One thing I’ve noticed is that, for stews and the like, the Chinese always boil their meat in water for a few minutes first. This seems to be based on the belief that this will eliminate impurities and bad odours from the meat but it also has the effect of making it even more tender.
Shan came up with the Chinese name for this dish which translates literally as “Red Slow Cooked Beef. “Men” means “slow cooking, simmering to lock the flavour in”. I like the Chinese character to express this which is the second of the four characters below. Shananigans Red-braised Wagyu Stew – hong men niu rou – 红焖牛肉
(Serves 8 to 12 people) Ingredients:
2 kg wagyu chuck steak
Wagyu beef dripping – about 8 tbs when melted
About 3/4 of a jar of Laoganma* chilli bean sauce
2 small red onions, sliced
A chunk of unpeeled fresh ginger – about 4 cms – cut into thick slices
3 large pieces of cassia bark
4 cinnamon sticks
4 star anise
4 tbs Shaoxing wine
4 tbs dark soy sauce
1 tsp Sichuan pepper
1 tsp fennel seeds
1 tsp cloves
10 – 12 cardamon pods
2 – 3 bay leaves
Coriander leaves to garnish
2 – 3 carrots and
2 – 3 parsnips or
1 daikon radish/ Chinese turnip
Shan’s bashed cucumber – Pai Huang Gua – see recipe in earlier post
Preparation and cooking:
Cut the beef into large cubes – with wagyu there is virtually no trimming required and no waste.
Place in a saucepan. Cover with cold water. Bring to the boil, skimming off the mucky froth that rises to the surface. Remove the beef with a slotted spoon and leave aside in a colander to cool and lose any excess liquid. Strain the remaining cooking liquid (through muslin if possible) into a jug or pot.
Heat the wagyu dripping in a large, deep saucepan over a medium heat – if there is too much just drain off the excess into a bowl. You can use it again.
Add the Laoganma chilli bean sauce to the dripping and stir, over medium heat, until the sauce and oil have combined. Add in the red onion, ginger, cassia bark, cinnamon, star anise and stir fry until you release the heady aromas of the spices and the onion begins to soften.
Then turn up the heat and gradually add in the beef, stirring constantly until all the beef is coated with the rich red sauce. Swirl in the soy sauce and the Shaoxing wine and stir to mix, then add sufficient of the reserved cooking liquid to barely cover the meat. Reserve any remaining liquid.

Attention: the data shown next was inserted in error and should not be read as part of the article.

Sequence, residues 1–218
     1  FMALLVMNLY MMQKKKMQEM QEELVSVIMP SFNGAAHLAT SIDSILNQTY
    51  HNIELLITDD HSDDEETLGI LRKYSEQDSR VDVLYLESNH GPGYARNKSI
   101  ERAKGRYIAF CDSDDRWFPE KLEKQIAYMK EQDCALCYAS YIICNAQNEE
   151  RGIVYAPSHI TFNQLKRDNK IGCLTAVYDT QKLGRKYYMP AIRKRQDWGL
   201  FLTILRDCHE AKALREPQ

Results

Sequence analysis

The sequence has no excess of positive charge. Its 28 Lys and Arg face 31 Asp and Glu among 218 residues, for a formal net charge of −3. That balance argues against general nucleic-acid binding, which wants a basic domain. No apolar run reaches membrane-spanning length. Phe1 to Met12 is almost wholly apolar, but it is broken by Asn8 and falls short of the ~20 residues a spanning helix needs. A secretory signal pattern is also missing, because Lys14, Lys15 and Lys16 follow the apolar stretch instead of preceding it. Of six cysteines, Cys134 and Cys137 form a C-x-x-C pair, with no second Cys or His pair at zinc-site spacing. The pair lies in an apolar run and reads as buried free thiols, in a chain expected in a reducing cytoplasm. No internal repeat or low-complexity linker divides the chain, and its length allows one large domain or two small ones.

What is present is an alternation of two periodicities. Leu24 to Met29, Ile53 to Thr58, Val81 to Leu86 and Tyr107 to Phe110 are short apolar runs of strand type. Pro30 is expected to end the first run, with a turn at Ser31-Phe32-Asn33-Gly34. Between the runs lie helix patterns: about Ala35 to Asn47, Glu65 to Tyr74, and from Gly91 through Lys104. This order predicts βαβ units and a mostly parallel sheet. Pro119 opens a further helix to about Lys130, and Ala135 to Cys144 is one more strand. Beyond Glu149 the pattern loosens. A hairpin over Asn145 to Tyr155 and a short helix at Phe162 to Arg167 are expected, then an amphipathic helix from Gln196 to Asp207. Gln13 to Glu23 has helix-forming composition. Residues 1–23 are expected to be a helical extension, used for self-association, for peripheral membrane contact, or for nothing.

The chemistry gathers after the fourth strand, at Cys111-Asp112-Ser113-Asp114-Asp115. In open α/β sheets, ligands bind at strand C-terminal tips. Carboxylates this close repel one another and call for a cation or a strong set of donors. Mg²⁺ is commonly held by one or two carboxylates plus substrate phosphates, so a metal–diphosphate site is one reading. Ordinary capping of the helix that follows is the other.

Add the bay leaves and the remaining ingredients – Sichuan pepper, fennel seeds, cloves and cardamon – tying them in muslin if you have a small piece or bag to hand, but don’t worry, you can strain them out later if you wish.
Bring to the boil, then transfer immediately to a slow cooker and cook on “low” for about 6 – 7 hours. Check the beef for tenderness after 6 hours, keeping the time you have the lid off the slow cooker to a minimum.
When the beef is cooked to melt in the mouth tenderness, allow to cool then refrigerate over night.
The next day, remove and discard any excess fat that has set on the surface – it will be a bright orange colour.
Remove the meat from the cooking liquid with a slotted spoon and place, along with the larger spices and ginger slices, in a large cast-iron casserole dish or saucepan. Strain the remaining liquid, to remove any smaller seeds and bay leaves, and return it to the pan.
Check the seasoning while it is heating and balance if necessary with soy sauce and Shaoxing wine – I found the rich intense flavour from the long, slow cooking was just right. Reheat thoroughly over a moderate heat and serve garnished with fresh coriander.
*available in all Aisan supermarkets, the Laoganma sauce is made with black beans, chilli and Sichuan peppercorns. The literal translation of it’s name is “old dry mother sauce”. The photo below will help you recognise the label but be careful to get the one that does not contain MSG – the newest bottles have the ingredients listed in English on the rear. If you are unable to find the Laoganma label you could substitute Lee Kum Kee chill bean sauce made with broad beans which may be easier to find but it will not give the same richness of colour or flavour. Optional: